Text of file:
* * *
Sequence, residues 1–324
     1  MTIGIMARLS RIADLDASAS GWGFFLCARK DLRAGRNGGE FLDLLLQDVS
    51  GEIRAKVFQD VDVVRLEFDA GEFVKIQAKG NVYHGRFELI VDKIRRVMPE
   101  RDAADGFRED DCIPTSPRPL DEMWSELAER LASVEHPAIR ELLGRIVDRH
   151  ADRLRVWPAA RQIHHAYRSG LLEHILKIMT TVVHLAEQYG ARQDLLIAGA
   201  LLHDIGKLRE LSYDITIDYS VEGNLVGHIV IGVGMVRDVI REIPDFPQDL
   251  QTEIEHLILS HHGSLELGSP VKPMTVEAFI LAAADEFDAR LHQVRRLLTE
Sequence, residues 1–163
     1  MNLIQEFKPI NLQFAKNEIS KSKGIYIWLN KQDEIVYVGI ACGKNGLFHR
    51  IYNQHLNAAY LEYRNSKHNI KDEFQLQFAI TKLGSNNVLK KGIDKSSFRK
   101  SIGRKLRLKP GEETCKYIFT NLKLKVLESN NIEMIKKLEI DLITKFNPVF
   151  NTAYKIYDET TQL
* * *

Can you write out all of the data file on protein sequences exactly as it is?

Sequence, residues 1–324
     1  MTIGIMARLS RIADLDASAS GWGFFLCARK DLRAGRNGGE FLDLLLQDVS
    51  GEIRAKVFQD VDVVRLEFDA GEFVKIQAKG NVYHGRFELI VDKIRRVMPE
   101  RDAADGFRED DCIPTSPRPL DEMWSELAER LASVEHPAIR ELLGRIVDRH
   151  ADRLRVWPAA RQIHHAYRSG LLEHILKIMT TVVHLAEQYG ARQDLLIAGA
   201  LLHDIGKLRE LSYDITIDYS VEGNLVGHIV IGVGMVRDVI REIPDFPQDL
   251  QTEIEHLILS HHGSLELGSP VKPMTVEAFI LAAADEFDAR LHQVRRLLTE
Sequence, residues 1–163
     1  MNLIQEFKPI NLQFAKNEIS KSKGIYIWLN KQDEIVYVGI ACGKNGLFHR
    51  IYNQHLNAAY LEYRNSKHNI KDEFQLQFAI TKLGSNNVLK KGIDKSSFRK
   101  SIGRKLRLKP GEETCKYIFT NLKLKVLESN NIEMIKKLEI DLITKFNPVF
   151  NTAYKIYDET TQL